Making the most of a rented property

August 29, 2014

Guest post by Melissa Burfitt

Image from IngerJohanna

To an extent, there’s a wonderful freedom in not being responsible for the maintenance of your rented home – it’s not your job to fix any broken roof tiles or replace the old carpets. But there’s also a limit to the improvements you can justifiably make before there’s an undeniable sense of throwing away your money – you can’t take painted walls or built-in wardrobes with you when you move, after all. So, what can you do to ensure your rental is more home than house?

Let there be lighting

Any good interior designer will tell you that lighting can help transform a room from stark to sumptuous. In a rental you’re limited by the pre-existing light fittings – often a single bulb hanging sadly from the centre of the ceiling – but you can inject warmth with strategically placed lamps. Arranging table lights at different heights and adding freestanding lamps to dark corners will help create cosy nooks and breathe life into a room. This is particularly impactful during winter, when short days and dull skies can strip an interior of warmth.

And that bare bulb in the middle of the room? Well, a funky shade can make a major difference, and there are hundreds of pendant-style designs which don’t require any electrical work – I spotted some gorgeous examples at Jago, a new interiors boutique on Bristol’s Clifton Triangle.

Nothing looks as good as comfort feels…

When you can’t repaint the walls, think about how you can use the textures of soft furnishings to dictate the tone of your space instead. Want an earthy, natural bedroom? Add large knitted throws, fur rugs and linen bedding. Looking for a decadent living space? Combine a vintage leather armchair with embroidered cushions and a heritage blanket. The White Company offers masterful examples of how to use texture rather than colour to enliven a room.

Images from The Marion House Book and Stil Inspiration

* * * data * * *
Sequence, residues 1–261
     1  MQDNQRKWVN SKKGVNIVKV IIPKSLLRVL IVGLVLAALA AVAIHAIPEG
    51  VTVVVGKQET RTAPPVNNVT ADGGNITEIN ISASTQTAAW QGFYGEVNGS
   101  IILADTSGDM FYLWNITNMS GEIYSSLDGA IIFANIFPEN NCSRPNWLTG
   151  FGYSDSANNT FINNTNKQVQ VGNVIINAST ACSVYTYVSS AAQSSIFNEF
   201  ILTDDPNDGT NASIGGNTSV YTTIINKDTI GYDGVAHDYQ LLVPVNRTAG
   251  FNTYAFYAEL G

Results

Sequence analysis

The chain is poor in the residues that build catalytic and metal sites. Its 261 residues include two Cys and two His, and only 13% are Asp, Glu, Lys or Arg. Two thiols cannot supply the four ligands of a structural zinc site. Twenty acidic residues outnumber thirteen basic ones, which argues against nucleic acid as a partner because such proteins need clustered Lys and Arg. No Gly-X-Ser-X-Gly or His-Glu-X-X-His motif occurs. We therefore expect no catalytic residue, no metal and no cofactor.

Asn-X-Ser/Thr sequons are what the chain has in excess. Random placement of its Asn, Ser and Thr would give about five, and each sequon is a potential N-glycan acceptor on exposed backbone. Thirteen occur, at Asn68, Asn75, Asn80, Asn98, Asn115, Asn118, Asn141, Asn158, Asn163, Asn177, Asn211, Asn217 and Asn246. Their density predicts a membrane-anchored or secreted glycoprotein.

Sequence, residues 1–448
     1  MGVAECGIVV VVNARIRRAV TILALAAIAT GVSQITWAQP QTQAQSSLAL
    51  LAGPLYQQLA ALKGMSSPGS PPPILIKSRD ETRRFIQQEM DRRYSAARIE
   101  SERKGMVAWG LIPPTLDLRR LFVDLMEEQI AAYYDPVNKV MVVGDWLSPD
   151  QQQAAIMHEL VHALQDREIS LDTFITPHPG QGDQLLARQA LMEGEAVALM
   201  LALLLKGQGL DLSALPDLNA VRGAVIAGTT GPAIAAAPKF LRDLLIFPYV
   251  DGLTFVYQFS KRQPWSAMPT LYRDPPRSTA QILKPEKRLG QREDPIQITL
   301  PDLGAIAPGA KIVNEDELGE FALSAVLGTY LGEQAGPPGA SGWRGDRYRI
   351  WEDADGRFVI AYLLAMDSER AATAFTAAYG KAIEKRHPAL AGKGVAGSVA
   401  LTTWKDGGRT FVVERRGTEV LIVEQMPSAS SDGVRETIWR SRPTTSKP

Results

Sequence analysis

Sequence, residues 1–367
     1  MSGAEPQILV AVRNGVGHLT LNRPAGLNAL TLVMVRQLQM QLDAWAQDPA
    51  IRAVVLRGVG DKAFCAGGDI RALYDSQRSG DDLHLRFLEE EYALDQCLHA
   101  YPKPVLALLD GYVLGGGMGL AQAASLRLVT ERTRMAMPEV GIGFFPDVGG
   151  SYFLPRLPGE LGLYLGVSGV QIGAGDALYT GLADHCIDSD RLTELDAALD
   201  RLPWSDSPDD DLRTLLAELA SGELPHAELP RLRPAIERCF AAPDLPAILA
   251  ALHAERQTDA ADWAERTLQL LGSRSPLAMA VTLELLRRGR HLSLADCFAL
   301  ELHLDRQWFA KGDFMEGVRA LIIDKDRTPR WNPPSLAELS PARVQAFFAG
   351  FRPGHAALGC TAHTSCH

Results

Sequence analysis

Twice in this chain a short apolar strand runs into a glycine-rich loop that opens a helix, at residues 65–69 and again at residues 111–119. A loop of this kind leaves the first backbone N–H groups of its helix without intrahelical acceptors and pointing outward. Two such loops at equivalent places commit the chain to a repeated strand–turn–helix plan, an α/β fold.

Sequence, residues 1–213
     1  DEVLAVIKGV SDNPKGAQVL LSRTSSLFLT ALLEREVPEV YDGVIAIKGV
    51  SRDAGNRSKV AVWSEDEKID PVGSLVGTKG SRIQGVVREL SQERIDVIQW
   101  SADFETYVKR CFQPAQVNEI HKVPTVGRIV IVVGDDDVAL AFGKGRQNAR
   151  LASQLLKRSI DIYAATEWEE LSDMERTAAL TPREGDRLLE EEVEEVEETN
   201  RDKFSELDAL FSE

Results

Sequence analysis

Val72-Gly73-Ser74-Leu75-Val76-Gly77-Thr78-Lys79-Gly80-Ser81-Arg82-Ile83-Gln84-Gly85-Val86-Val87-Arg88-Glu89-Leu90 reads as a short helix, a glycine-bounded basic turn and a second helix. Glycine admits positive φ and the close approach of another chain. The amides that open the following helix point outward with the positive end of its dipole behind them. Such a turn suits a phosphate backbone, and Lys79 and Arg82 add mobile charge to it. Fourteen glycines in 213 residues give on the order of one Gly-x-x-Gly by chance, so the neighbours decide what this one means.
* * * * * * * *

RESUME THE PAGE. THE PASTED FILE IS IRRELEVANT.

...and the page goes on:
Magic carpets

Ugly flooring is often a problem in rented accommodation – for some reason landlords seem to find navy blue and forest green carpets infinitely appealing, even when renting to professionals rather than over-excitable, straight-out-of-school students. When this issue rears its head, rugs are your friend. Not only will they cover up any poor flooring choices, they’ll also help break up open-plan layouts to create cosy, defined spaces. And you can take them with you when you go, so they’re a sound investment.

Images from angel in the north, Happy Interior Blog and Residence Magazine

The art of picture hanging

Make the effort to hang photos and artwork. Rentals often have neutral walls – the perfect blank canvas on which to stamp your personality, whether you prefer chic monochrome photography, bright and bold paintings or joyful snaps of family and friends. Most landlords are happy for you to put up pictures as long as you’re careful when hammering into the walls. If yours is particularly strict, adhesive strips from Amazon or a local hardware store will allow you to hang and re-hang items without causing any damage. Then it’s simply a case of choosing your artwork and playing around with arrangements.

Sowing the seeds of a home

If you’re lucky enough to have a rental with outside space, enjoy it and spend as much time out there as you can. But if, like many, you’re in a flat or have little more than a paving slab outside the front door, there’s no need to write off any hope of developing green fingers. Indoor plants quite literally add life to a room: oxygenating the air, providing a pop of colour and, if you choose herbs, enhancing your cooking, too. Most supermarkets sell potted herbs at reasonable prices – the trick to keeping them alive is to replant them as soon as you buy them (they’ve used all the nutrients in their existing soil). Choose a spot with natural light and pick up some terracotta pots (or perhaps a trough or glass terrarium if you want to group your chosen spruces together) – Butlers has a fantastic range of colourful options. For added fun, find a cute watering can to sit alongside them. This will also help you remember to feed them!

Images from Design Sponge

Heavenly scents

It’s easy to focus solely on the visual and tactile elements of a room, but don’t forget the more subtle nuances of scent. When trying to cultivate a sense of personality, fragrance can be very powerful – smell is the most evocative sense, after all. Hotels often use this to great effect: my base during a recent trip to Morocco was filled with a signature orange-blossom scent, instantly distinguishing the tranquil space from the bustling streets of Marrakech. Back home, my personal choice is Bramley’s peppermint and rose candle for its uniquely sweet yet fresh aroma.

Images from Bramley and greige design blog